WELSH NATIONAL SHOW. The date of the next Welsh National Agricultural Show, which is to be held at Aberystwyth, has been fixed for August 5 and 6.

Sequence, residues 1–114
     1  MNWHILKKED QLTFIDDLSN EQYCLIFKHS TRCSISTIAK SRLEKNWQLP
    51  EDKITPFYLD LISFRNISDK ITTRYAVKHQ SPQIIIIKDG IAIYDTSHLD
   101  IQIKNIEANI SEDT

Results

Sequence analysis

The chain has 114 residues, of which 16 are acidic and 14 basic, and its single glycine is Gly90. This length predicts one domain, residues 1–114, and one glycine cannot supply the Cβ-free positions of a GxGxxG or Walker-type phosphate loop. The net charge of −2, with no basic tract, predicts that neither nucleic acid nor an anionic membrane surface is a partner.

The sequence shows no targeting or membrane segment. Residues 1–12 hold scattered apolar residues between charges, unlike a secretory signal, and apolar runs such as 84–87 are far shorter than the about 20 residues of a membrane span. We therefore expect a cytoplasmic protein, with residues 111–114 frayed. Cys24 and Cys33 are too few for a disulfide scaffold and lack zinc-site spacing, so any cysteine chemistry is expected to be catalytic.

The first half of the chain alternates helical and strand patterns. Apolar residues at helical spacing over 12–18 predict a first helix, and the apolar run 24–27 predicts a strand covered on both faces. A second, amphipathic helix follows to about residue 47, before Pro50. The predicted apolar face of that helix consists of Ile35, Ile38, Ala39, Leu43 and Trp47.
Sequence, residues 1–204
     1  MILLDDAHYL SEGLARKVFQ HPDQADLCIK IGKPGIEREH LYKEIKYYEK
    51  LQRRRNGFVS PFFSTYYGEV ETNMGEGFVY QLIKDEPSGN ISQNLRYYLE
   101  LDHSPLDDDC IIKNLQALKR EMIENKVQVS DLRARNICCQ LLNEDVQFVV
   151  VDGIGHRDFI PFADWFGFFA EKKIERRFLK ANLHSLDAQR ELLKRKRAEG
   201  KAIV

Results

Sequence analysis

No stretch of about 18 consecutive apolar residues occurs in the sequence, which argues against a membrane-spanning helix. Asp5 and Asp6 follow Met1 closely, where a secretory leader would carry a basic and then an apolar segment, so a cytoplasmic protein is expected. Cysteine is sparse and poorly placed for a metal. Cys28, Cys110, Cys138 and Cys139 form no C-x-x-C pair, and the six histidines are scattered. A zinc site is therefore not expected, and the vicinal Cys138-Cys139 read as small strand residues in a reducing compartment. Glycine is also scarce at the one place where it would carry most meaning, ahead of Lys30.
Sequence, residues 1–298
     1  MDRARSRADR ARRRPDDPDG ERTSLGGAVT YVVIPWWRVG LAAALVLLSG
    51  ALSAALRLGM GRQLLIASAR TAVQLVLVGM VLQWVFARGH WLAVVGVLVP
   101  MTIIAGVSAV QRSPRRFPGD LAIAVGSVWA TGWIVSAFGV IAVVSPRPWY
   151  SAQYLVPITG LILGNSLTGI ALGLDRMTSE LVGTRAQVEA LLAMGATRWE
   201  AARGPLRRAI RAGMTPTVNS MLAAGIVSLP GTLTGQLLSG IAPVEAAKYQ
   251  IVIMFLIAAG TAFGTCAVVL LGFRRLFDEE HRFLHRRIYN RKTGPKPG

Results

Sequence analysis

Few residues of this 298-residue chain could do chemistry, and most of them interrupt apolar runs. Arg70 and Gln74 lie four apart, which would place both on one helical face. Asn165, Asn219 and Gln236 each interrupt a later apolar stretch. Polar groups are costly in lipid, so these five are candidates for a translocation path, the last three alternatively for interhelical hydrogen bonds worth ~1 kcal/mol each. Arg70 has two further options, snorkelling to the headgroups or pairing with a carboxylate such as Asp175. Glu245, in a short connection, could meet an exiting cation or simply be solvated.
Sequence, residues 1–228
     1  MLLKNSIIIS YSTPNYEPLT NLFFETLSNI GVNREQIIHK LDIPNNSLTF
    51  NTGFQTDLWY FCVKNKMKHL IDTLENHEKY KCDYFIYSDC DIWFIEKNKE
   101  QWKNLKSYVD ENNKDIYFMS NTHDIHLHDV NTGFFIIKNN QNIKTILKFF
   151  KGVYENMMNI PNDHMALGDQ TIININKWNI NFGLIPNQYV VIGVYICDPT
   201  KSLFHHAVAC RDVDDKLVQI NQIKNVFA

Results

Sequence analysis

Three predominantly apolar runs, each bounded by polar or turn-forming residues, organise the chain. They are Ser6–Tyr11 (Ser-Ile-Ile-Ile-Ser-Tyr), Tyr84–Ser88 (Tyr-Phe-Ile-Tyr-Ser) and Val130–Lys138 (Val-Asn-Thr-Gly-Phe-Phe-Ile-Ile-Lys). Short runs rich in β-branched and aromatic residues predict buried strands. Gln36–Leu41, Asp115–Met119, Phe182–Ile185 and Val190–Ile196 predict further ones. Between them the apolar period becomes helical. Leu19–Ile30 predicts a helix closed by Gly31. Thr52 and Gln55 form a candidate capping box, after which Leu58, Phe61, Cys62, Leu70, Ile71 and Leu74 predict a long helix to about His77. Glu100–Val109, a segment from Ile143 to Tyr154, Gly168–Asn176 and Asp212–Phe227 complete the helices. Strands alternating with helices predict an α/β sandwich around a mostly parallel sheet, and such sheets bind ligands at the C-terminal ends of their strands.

The HEALING VALUE, in tbe treatment ot ACHES and PAINS, OF ftUNAN'S qftBROCATION is too firmly established to need pressing. For For Rheumatism, Chronic Lumbago, Bronchitis, Sprains, Backache, Bruises, Cramp, Sore Throat C h apped Hands. from Cold, Chilblains, Neuralgia Soreness of the from Cold, Limbs after Coldat the Chest, exercise. In Bottles, Sid., l/li, 2/9 & 4/- ELUMAN. SOBS & CO., Slougk, EøglucI.